Front page of 1600 page report
The ACT Government has released a mammoth 1600 page draft environmental impact statement on the Capital Metro light rail between Gungahlin and Civic. It is a comprehensive examination of the impact that light rail will have along the corridor and covers many different areas.
You can download the full report here.
The ABC has covered the report here. It leads with its most obvious concern 'Canberras light rail poses significant risks to appearance of Northbourne Avenue, report says'
The Canberra Times has two reports - one quite informative and balanced here, and another focussed on the negative aspects here. The second talks up the minimal savings in time that drivers will experience as a result of having mass transit as an alternative option, and also the loss of a car park (that is scheduled to be sold anyway).
It does have a useful breakdown of key facts:
- Construction depots take over London Circuit carpark near the courts; site of visitor information centre on Northbourne Avenue, carpark opposite Exhibition Park.
- About 60 truck journeys a day in 2017 and 2018 (36,000 movements across the two years); 7800 truck movements in 2016.
- Standard construction hours 7am till 6pm Monday to Saturday; major intersection work, overhead wiring and oversize deliveries done outside standard hours.
- Construction to use 74,000 cubic metres of concrete, 3.4 million litres of diesel, 9500 tonnes of asphalt, 100,000 metres of PVC ducts, 3000 tonnes of steel for rails, plus 9300 more for reinforcement and structural work.860 trees removed.
- Construction to employ an average 500 people, up to 900 at peak times.
- Weekend closure of key Northbourne intersections at Macarthur/Wakefield; Mouat/Antill; Barry Drive/Cooyong; Alinga (closed Friday 10pm til Monday 4am, adjacent ones not on the same weekends). Other intersections to be "sporadically closed" for up to two or four weeks, with diversions. Bus routes using the corridor and running across the corridor periodically disrupted.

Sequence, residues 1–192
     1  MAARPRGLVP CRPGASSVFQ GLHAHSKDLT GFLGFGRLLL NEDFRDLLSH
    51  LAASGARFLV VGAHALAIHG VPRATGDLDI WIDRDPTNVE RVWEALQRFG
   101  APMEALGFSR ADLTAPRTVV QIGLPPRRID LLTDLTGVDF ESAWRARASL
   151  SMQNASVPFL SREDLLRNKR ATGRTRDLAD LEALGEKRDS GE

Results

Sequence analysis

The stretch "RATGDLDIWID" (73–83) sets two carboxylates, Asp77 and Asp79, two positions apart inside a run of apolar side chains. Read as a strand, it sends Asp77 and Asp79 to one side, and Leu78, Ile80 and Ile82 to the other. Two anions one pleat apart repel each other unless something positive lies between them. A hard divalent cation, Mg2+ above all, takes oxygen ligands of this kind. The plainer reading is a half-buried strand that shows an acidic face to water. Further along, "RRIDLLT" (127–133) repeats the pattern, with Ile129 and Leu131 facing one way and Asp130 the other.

- Light rail vehicles operate Monday-Thursday 6am-midnight, Friday-Saturday 6am-1.30am; Sundays 8am midnight. Light rail vehicles every six minutes at rush hour, every 10 minutes 9am-4pm, every 15 minutes other times. Journey time 25 minutes Gungahlin to the city. 14 Light rail vehicles, each up to 33 metres long, with dedicated space for four bicycles. Top speed 70kmh.
- Platform at each stop 33 metres long, capable of extension to 45 metres for extended vehicles; signalled pedestrian crossings to nearest footpath. Light rail corridor 7 metres wide, widening in places to 10.4 metres, including outbound and inbound Light rail lanes and median strip.
- Light rail replaces trunk and express bus routes on Northbourne Avenue, the Federal Highway and Flemington Road.
- An extra southbound lane to be built from the Barton Highway to Antill Street, 630 metres long.
- Road changes include banning of turning across the median in some locations, including: Exhibition Park entrance, the Kamberra Wine Company on Flemington, the Yowan Golf Club on the Federal Highway, the netball centre on the Federal Highway, the southbound right turn from Northbourne Avenue to Bunda Street.
- Seven electricity substations to be built along the route, each in a 12m x 4.5m building, at: Gungahlin depot, Flemington Road, Collaroy Street, Vicars Street, Barton Highway, Macarthur House and Mort Street.
It also looks at issues such as the lack of familiarity that local drivers and pedestrians have with large light rail vehicles rumbling along, and proposes an education campaign to familiarise Canberrans with their new transport infrastructure.
The CT reports that:
Health and socio-economic impacts form part of 17 broad topics discussed in the environmental impact statement.
The report is designed to identify "worst case scenarios" to mitigate potential problems before construction of the proposed stage one development of the 12-kilometre tram route between Gungahlin and the city.
The document says key issues were impacts to heritage, noise and vibration, planted trees, landscape and visual, traffic and transport, social and economic, and property and land use.
The EIS also sets out problems and mitigation strategies for biodiversity, air quality, contamination and soils, utilities and services, hazard and risk and bushfire, among others.
The 1700-plus page report, put together by Parsons Brinckerhoff with ACT government data, has been in the works since last October.
The ABC ran the following story on 20 June 2015
A public consultation period is now open with several public sessions planned to gather feedback and provide further information.
For more frequent updates on Capital Metro and light rail related news, please visit our Facebook page 'Light Rail for Canberra'.